N: The last time i was served Bells by a host, i took it as a cue to leave the party. This time around i only have myself to blame as i bought this miniature as part of a lot that included a marvellous 1948 Glenburgie. So here goes [without bias], it smells of - farts! [it wasn’t me]. Its so meh - theres nearly notes of this and that but they disappear into the next near miss. Its generally malty E150a, of course.
T: Ok - malty, honeyed E150a, but the oak presence is welcome with a touch of salt. Theres a nice creamy mouthfeel with honey lozenge as the main flavour.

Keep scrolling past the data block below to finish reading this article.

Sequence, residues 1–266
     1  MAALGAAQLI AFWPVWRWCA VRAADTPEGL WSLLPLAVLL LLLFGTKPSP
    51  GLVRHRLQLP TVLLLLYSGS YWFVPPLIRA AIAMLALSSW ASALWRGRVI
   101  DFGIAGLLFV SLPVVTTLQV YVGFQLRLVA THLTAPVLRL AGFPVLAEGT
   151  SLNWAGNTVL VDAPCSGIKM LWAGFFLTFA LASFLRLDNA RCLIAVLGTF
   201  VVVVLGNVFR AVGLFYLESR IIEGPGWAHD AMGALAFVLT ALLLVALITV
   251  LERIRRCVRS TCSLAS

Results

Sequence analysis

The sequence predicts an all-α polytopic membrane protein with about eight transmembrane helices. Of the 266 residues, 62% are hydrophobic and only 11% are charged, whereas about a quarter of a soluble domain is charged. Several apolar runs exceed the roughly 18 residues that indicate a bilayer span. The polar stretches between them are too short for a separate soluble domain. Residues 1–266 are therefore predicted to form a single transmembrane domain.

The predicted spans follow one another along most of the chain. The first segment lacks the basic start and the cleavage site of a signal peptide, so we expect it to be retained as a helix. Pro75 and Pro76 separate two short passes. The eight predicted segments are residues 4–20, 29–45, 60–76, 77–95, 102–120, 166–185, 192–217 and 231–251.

F: That sweet lozenge cruises on through with oak as the anchor.
C: Its the oak maturation that saves the day and is that of any surprise? After all, its oak maturation that makes or breaks any malt or blend. With 12 years as a minimum, Bells, [now owned by Diageo] has produced a bland, non-offensive, blend - no surprises there but crucially it isn’t at all ghastly like the NAS version and scores for the maturation alone. Its possible to sip neat but lets not forget ourselves - this is solid Cocktail fodder.
Scores a C-